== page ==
Would anyone happen to know what kind of gunpowder was used by Radway Green for their 1966 and 1967 production runs? A 1968 report by Frankford Arsenal “Special Tests of 5.56mm Ammunition” noted that the British had complained of extraction problems with their AR-15.
Very little production of 5.56mm took place in Britain in the late 1960’s, only small experimental batches being made.
The earliest known rounds are headstamped “RG” at 12 o’c and “66” at 6 o’c. Presumably live rounds were made, but only one or two dummy rounds have survived. Small batches were made in each of the subsequent years up to 1969, all headstamped with “RG” at 10 o’c and the last two digits of the year at 2 o’c.
These are all extremely difficult to find today. To give an idea of scarcity I have thirty different 4.85mm and 5mm rounds but only a fired 5.56mm case dated “RG 68” and a live “RG 69”. I also have an unheadstamped Kynoch round from 1969 experimental production.
In 1965/66 Britain purchased 6000 AR-15 rifles from Colt for use “special to theatre” and the ammunition for these was all US made, “RA 64” being typical.
Production of M.193 type ball did not start at RG until 1980 and in 1980 -1982 some powder from Pouderie Belge (PRB) was used, but otherewise Nobels Nitro Neonite (NNN) was used.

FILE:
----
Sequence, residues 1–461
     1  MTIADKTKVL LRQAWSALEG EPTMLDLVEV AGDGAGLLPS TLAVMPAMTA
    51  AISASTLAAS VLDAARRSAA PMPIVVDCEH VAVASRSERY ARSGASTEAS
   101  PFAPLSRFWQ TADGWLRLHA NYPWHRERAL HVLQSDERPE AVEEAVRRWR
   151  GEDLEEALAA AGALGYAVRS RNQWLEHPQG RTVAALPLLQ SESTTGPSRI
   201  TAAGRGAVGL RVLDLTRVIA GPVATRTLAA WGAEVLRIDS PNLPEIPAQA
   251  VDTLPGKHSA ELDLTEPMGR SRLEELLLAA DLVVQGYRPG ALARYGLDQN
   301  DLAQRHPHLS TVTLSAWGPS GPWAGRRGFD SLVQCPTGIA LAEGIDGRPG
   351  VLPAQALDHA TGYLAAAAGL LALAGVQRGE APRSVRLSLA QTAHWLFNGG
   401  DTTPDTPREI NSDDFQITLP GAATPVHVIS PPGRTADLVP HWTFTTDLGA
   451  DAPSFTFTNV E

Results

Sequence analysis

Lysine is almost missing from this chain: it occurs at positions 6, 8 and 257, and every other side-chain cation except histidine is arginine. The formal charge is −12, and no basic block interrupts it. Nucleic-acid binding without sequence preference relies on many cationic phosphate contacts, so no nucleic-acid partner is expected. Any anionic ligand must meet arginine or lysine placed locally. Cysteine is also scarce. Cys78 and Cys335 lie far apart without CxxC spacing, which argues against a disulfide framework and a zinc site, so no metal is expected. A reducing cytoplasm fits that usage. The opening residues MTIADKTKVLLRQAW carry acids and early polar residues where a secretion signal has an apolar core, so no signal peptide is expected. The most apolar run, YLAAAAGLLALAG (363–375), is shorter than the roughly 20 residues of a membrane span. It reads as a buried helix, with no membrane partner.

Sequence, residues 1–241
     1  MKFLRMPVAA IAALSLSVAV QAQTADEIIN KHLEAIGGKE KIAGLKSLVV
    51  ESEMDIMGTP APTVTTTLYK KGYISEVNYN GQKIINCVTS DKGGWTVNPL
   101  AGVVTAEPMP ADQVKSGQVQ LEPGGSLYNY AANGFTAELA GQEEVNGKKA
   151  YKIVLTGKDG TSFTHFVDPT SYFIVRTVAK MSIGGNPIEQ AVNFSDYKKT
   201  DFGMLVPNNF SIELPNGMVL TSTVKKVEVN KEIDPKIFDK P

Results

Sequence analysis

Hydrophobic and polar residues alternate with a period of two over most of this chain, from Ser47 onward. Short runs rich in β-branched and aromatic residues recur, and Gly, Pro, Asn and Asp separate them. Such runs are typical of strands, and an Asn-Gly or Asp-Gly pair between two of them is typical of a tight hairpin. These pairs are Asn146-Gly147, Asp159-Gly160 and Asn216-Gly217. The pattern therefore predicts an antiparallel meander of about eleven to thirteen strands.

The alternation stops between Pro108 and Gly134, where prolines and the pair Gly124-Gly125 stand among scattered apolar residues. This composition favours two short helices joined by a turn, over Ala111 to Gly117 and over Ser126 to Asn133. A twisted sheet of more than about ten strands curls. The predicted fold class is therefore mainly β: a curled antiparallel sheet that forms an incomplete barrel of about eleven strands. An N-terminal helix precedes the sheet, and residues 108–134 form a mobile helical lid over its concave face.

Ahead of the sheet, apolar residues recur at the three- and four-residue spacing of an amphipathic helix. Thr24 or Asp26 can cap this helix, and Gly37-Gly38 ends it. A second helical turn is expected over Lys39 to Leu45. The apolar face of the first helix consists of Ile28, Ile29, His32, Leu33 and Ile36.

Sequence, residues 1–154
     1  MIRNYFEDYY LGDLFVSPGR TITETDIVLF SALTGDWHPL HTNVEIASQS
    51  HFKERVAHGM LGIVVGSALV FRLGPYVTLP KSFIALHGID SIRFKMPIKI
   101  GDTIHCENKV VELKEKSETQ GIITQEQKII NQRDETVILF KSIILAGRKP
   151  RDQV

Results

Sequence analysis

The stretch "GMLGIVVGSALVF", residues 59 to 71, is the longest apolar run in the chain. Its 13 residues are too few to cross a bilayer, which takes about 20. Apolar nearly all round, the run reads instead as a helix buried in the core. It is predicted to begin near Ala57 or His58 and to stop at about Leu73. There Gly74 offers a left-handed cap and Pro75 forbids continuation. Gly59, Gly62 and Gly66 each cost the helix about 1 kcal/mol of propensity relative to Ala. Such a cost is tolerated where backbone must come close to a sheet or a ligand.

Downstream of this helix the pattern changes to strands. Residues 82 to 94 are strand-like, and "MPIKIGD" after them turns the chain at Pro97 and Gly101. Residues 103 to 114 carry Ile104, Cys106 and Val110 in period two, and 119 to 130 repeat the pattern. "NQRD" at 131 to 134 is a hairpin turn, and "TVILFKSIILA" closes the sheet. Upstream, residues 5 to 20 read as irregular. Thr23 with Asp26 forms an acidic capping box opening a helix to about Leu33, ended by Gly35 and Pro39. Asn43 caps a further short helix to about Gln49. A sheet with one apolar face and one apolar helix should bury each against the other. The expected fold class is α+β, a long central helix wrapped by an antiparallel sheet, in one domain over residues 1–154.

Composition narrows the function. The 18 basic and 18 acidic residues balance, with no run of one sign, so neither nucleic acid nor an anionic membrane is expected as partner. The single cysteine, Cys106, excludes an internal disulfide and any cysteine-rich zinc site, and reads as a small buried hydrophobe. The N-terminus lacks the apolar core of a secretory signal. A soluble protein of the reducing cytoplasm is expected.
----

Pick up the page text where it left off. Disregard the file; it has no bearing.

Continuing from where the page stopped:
The powder used in the 1960s experimental batches is not known, although it was probably a version of NNN or NRN (Nobels Rifle neonite).
BTW, in the UK the term “gunpowder” is used for black powder, never for smokeless propellants.
Thank you for the clarification on British production.
In 1964, Remington was running batches with WC846 and two types of IMR. One wonders which they received.
An order for 5,000 AR-15 for the UK went through in 1965. By the time of the Ichord Subcommittee Hearings in 1967, the UK was looking at purchasing another 13,000 rifles.
Here’s a pic of me in about 1984, carrying one of those inital 5000 AR15’s they were still going strong :-)
At the cd from Ron Fuchs the earliest known round is headstamp RG 66